“In the Name of Jesus” by Henri Nouwen is the best book on leadership.

Help students work their muscles to adapt to other cultures. Take them to nursing homes and things that take them outside of their comfort zone that help them see things other than themselves.

Films: Crash, Slumdog Millionaire

How do we take one step further with our students? Who are the marginalized and minimized in the area?

Scott: Once again, if the parents are the primary influencers, we may have some ability to communicate, but if they go back to a home…

Kurt B: How are artists “the message”?

Dave: They are primarily communicating leading thought and reality. They typically lead the way through culture moves. It’s not saying that you can’t be the message when you are not an artist; rather let the artists out of their departments and into the real structure of who we are and where we are going. From a cultural perspective, the artists are real innovators.

Our job is to platform those who can really do what we are talking about.

Kurt J: This was played out at “Believe” this year. Our kids resonated with the art and drama and could have done without the message.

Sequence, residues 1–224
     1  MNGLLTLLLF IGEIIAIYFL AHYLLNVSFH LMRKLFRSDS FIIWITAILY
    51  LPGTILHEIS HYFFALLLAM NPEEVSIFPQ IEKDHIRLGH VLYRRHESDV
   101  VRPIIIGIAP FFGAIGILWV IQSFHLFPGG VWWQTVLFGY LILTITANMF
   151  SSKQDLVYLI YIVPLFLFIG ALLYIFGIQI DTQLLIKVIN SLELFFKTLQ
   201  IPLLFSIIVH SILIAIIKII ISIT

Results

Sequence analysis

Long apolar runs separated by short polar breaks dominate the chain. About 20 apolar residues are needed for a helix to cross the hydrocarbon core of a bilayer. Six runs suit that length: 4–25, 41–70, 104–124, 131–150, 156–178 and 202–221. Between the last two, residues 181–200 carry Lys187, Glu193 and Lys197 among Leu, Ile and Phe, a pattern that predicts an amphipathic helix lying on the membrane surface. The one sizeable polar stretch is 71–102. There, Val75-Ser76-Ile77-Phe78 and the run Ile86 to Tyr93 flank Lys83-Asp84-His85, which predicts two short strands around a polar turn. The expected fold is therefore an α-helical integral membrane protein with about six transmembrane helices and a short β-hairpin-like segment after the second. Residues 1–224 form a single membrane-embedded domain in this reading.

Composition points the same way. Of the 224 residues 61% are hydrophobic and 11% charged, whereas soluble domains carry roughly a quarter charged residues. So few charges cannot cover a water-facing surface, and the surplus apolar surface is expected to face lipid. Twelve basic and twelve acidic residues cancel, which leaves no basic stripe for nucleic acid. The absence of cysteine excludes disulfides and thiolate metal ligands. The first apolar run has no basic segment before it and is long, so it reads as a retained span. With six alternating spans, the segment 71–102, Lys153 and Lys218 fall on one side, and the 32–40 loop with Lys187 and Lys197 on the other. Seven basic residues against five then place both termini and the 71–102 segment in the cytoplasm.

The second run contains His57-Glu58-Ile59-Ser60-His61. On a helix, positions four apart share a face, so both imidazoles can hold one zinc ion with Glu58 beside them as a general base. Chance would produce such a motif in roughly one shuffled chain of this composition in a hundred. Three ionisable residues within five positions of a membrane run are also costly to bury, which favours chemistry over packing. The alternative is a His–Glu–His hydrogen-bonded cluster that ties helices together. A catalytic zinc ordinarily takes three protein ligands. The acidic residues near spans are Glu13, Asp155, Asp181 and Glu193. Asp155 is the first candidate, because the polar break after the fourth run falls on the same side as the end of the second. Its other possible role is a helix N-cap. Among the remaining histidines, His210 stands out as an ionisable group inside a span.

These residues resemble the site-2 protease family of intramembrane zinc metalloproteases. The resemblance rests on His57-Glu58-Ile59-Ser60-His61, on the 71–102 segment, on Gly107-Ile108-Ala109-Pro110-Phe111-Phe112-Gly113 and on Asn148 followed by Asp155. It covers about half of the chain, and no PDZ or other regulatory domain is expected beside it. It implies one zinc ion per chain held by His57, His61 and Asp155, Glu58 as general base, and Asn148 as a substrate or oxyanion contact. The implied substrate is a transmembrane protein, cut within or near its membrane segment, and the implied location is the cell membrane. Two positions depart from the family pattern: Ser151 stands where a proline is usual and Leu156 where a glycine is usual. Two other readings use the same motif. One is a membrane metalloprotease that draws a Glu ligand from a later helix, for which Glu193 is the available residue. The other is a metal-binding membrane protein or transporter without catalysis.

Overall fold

Dave: It is an intersection of both. Americans are infatuated with the Word. Asian proverb – “The purpose of a fish trap is to catch a fish; once the fish is caught the trap is forgotten. The purpose of a rabbit trap is to catch a rabbit. Once the rabbit is caught the trap is forgotten. The purpose of a word is to capture an idea. Once the idea is caught, the word is forgotten.”

Nate S: What would it really look like for us to create a sunset clause?

Dave: I need to be willing to die to myself. I need to think about succession. The buildings I build are not that important. I need to think about the urgency of now as well as what will take place in the future. Where are we integrating our resources and is it the right place?

April: Can you talk about your kids and what you do with them?

Dave: My role as a dad is to see my children. Fathers often do not see their kids. I study my kids and who they interact with. I almost see them as a science project and I want to understand their world. I want to do a sort of blessing with my kids.

Informal: Hang out and do what they want and engage in what they like.

Formal: When they are around 7, I start to ask them to think about where they might want to go in the world. When they are 12 or 13 we go to that place and we do whatever they want to do. I write them a letter on the trip of everything I see in them. When we get home I give the letter to the kid and ask them to read it. I give them a gift to remember the trip by.

I want my kids to know that I know who they are.

What if you could do this in your church and every kid in your church is seen by someone.

Kurt J: Shoot some holes in some stuff that we are doing that need to be evaluated. For example “numbers” when we think about 30%